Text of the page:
Sunday, January 2, 2011
Book Review: The Earth, My Butt, & Other Big Round Things
The Earth, My Butt, & Other Big Round Things (2003) by Carolyn Mackler
Back Jacket: Virginia Shreves has a larger-than-average body and a plus-size inferiority complex. She lives on the Web, snarfs junk food, and obeys the "Fat Girl Code of Conduct." Then there are the other Shreveses: Mom is an exercise fiend and a successful adolescent psychologist; Dad, when not jet-setting, or golfing in Connecticut, ogles skinny women on TV; and older siblings Byron and Anais are slim, brilliant, and impossible to live up to. Delete Virginia, and the Shreveses are a picture-perfect family...until a phone call changes everything.
Review: This book is superb; there are so many things to like about it! Mackler delivers us Virginia (named for Virginia Woolf) who is smart, but depressed with the general state of her life. She has relegated herself to the rank of "Fat Girl" and theorizes that fat girls are not like skinny girls and thus must adhere to a different code of conduct (like no public displays of affection and no talking to guys about relationship status). The book has its heartbreaking moments, as when Virginia overhears a group of popular girls saying they'd rather be dead than be chubby like her, but it's ultimately an optimistic, affirming book. I've probably said before that my favorite contemporary books are the ones where the protagonist is just starting to come into new ideas, test the boundaries of society, and take risks. Virginia is one of those characters. At first she turns her anger and hate inward, but through the course of the book she revolutionizes her life. It feels good to read these books because as Jennifer Crusie says in this interview, "these are women who are in real trouble and they struggle and they win." (In this instance she is referring to romance novels, but still). There's also a lot to be said for Virginia's close relationship to her older sister and her best friend, Shannon. Like E. Lockhart's Frankie, Virginia is introduced to some of the concepts that shake up her world through her older sister Anais, who listens to Ani DiFranco, and the teacher who has a class about ostracism and oppression. Thankfully, The Earth, My Butt, & Other Big Round Things passes the Bechdel Test with flying colors. Granted, it's a test for movies. But still.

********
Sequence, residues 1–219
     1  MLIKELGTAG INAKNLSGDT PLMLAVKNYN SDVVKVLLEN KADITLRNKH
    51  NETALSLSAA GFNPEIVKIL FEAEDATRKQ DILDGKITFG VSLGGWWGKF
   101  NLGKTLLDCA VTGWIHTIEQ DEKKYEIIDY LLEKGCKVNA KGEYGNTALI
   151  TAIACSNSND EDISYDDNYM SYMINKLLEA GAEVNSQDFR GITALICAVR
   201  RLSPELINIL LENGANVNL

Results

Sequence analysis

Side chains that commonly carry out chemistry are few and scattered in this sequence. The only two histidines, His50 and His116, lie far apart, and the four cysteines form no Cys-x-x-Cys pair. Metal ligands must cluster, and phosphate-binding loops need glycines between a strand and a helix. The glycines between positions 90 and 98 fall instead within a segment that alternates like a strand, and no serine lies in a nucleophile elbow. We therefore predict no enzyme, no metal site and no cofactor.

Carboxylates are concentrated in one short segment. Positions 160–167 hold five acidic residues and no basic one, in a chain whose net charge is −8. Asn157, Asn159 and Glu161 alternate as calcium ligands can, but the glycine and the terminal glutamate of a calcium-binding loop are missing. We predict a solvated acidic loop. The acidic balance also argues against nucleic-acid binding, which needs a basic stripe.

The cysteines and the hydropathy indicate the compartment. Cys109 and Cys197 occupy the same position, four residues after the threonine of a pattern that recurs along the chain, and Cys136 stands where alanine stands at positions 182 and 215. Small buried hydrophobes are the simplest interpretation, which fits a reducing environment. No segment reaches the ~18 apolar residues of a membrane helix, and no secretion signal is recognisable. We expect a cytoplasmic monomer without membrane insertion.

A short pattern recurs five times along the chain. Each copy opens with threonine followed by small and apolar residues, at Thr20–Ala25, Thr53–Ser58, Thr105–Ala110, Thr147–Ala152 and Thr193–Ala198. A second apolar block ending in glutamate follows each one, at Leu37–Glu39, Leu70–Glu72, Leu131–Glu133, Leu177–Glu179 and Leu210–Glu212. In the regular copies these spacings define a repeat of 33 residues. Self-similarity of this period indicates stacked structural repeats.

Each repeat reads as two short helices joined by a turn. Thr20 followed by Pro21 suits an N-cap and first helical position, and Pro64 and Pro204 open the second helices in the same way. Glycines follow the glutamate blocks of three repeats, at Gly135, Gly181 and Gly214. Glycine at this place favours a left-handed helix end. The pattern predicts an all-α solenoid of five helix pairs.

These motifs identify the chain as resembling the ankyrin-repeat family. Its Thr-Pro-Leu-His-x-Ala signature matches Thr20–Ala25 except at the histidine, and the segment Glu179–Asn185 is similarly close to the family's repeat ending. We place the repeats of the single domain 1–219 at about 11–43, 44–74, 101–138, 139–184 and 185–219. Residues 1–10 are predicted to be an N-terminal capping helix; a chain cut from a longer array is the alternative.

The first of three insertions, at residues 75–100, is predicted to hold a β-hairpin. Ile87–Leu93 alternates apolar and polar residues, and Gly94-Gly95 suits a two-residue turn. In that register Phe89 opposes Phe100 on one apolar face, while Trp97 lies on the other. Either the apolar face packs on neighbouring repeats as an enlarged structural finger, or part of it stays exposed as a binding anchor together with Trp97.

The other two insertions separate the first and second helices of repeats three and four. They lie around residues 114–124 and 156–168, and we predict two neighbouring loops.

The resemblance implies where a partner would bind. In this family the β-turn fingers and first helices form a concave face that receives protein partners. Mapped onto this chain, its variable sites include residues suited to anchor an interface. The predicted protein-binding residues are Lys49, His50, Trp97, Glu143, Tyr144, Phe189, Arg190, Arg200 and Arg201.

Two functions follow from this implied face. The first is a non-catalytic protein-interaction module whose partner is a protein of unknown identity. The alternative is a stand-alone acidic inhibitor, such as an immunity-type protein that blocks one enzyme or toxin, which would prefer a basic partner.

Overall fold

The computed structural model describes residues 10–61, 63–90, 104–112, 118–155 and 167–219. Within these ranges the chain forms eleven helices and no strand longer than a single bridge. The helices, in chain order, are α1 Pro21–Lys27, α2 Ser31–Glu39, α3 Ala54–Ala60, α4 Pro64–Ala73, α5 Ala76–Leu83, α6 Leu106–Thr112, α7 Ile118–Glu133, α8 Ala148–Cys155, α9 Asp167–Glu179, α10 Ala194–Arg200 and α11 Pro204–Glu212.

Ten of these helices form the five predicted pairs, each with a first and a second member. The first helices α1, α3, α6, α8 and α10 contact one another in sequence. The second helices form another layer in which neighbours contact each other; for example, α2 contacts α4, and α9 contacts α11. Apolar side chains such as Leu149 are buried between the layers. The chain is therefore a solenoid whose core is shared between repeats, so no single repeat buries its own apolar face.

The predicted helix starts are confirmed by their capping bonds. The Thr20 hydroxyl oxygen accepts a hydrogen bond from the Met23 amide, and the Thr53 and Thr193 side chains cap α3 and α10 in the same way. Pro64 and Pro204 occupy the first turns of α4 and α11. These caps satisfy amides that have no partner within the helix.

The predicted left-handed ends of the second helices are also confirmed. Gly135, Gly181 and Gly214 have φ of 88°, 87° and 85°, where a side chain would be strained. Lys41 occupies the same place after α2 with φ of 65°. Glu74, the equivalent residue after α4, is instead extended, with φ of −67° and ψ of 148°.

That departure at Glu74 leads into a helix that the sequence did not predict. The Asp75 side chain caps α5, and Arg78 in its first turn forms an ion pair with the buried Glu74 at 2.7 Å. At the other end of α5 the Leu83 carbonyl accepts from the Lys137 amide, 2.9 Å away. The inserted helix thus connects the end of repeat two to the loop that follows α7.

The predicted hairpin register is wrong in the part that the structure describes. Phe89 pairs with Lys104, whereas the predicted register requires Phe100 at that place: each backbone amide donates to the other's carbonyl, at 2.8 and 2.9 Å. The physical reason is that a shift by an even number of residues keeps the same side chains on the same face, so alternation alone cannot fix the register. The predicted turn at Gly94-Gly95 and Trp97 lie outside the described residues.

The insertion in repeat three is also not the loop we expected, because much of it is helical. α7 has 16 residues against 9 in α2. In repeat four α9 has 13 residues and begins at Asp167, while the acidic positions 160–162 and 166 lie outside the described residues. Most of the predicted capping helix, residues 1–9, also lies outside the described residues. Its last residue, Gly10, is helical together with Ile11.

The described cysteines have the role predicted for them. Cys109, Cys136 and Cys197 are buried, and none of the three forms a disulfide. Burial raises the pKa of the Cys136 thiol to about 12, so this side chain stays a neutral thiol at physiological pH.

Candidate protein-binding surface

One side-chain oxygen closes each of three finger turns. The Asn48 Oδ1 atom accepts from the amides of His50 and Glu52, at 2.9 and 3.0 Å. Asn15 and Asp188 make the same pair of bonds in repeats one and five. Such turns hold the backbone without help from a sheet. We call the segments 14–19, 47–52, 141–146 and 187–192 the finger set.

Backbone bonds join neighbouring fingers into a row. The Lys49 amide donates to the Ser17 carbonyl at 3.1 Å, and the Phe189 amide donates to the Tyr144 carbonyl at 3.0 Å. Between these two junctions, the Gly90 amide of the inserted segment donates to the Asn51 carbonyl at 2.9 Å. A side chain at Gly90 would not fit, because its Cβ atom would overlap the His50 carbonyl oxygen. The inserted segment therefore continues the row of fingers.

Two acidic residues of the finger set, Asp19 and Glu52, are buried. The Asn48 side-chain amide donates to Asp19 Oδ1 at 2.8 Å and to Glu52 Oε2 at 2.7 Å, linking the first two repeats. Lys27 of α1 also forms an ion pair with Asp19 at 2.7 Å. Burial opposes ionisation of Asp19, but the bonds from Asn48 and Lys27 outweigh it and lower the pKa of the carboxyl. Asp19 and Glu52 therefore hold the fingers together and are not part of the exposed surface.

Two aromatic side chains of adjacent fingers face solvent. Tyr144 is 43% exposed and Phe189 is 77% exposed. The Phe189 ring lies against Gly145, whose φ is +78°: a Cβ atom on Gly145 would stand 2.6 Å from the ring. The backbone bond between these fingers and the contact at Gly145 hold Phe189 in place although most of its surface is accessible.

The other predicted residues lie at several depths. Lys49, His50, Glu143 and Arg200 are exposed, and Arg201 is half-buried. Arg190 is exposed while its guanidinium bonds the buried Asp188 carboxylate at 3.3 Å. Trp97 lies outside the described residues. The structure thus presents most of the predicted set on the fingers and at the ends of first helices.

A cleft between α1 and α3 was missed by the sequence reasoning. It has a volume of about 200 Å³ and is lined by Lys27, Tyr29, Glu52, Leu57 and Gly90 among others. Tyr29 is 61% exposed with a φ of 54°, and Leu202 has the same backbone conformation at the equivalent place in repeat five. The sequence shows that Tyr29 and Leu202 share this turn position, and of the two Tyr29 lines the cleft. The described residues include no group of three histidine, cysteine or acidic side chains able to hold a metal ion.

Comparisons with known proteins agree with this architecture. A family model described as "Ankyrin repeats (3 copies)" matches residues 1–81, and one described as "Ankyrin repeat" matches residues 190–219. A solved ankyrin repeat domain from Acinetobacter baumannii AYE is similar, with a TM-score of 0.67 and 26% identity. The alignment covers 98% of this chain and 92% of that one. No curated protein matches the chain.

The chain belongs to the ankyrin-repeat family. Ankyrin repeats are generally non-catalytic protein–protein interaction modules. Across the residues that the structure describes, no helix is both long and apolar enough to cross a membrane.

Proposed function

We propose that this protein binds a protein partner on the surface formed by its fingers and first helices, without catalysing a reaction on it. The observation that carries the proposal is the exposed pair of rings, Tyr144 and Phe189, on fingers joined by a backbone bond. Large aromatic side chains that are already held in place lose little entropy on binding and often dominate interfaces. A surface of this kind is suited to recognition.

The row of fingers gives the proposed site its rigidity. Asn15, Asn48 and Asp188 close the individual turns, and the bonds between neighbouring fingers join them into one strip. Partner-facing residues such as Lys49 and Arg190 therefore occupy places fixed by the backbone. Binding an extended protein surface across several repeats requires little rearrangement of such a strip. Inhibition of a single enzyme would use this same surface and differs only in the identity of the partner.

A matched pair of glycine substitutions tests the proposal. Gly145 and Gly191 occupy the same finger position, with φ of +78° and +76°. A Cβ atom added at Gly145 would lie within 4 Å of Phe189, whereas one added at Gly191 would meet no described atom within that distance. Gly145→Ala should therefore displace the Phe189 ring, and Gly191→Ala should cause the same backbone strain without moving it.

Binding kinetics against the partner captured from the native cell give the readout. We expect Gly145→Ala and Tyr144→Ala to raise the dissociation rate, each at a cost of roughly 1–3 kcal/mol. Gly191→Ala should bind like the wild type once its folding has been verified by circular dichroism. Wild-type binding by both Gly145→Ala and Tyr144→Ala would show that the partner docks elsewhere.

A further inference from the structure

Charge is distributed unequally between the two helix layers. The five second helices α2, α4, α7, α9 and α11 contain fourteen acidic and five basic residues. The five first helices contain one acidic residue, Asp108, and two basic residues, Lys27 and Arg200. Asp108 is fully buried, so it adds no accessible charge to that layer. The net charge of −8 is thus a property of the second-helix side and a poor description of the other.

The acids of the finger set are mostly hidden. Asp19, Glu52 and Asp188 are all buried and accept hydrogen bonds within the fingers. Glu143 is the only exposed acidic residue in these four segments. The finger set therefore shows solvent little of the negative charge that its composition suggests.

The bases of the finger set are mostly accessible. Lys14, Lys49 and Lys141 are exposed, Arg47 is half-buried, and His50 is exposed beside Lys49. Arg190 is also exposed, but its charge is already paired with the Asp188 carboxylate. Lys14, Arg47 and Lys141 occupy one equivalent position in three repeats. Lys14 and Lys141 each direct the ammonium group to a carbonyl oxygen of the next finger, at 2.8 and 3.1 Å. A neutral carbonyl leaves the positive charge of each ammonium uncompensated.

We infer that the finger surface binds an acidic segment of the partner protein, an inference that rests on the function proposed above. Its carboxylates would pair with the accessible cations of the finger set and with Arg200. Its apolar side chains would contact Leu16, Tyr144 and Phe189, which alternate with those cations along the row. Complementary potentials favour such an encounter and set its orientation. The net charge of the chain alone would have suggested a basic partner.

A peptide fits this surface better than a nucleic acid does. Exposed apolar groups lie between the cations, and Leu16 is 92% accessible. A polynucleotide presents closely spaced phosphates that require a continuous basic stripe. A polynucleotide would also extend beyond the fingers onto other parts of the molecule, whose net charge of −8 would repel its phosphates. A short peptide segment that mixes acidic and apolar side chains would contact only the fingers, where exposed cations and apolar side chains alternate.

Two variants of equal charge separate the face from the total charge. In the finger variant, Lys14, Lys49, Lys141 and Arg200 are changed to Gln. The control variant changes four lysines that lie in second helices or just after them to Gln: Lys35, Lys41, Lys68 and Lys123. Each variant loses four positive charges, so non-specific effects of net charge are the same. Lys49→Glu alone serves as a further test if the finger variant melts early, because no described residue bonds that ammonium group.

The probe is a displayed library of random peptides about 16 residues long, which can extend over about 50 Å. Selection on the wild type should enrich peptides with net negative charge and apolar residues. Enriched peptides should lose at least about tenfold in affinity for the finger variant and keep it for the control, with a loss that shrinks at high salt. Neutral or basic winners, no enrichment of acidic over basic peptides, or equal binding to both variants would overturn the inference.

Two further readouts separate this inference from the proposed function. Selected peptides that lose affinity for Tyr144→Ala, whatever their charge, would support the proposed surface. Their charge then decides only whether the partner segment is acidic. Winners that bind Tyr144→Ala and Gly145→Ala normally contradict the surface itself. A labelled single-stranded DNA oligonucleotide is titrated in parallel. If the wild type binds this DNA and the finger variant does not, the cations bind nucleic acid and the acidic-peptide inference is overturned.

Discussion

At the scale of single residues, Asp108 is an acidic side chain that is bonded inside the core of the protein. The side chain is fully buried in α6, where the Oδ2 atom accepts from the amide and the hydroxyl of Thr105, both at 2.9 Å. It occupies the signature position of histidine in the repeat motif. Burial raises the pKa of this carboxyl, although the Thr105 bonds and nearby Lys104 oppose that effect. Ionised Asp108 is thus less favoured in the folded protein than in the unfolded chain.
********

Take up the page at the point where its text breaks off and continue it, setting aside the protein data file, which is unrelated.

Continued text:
Conclusion: 5/5. Mackler delivers a fast, heartfelt novel. She uses complex characters and tightly drawn events to explore her themes. With each page, Virginia became a better and better character, leaving me with a sense of pride and possibility.
2011 YA Reading Challenge: 1/40
Fun Fact: The Earth, My Butt, & Other Big Round Things was on the most challenged books of 2006 list for including "sexual content, anti-family, offensive language," and being "unsuited to age group."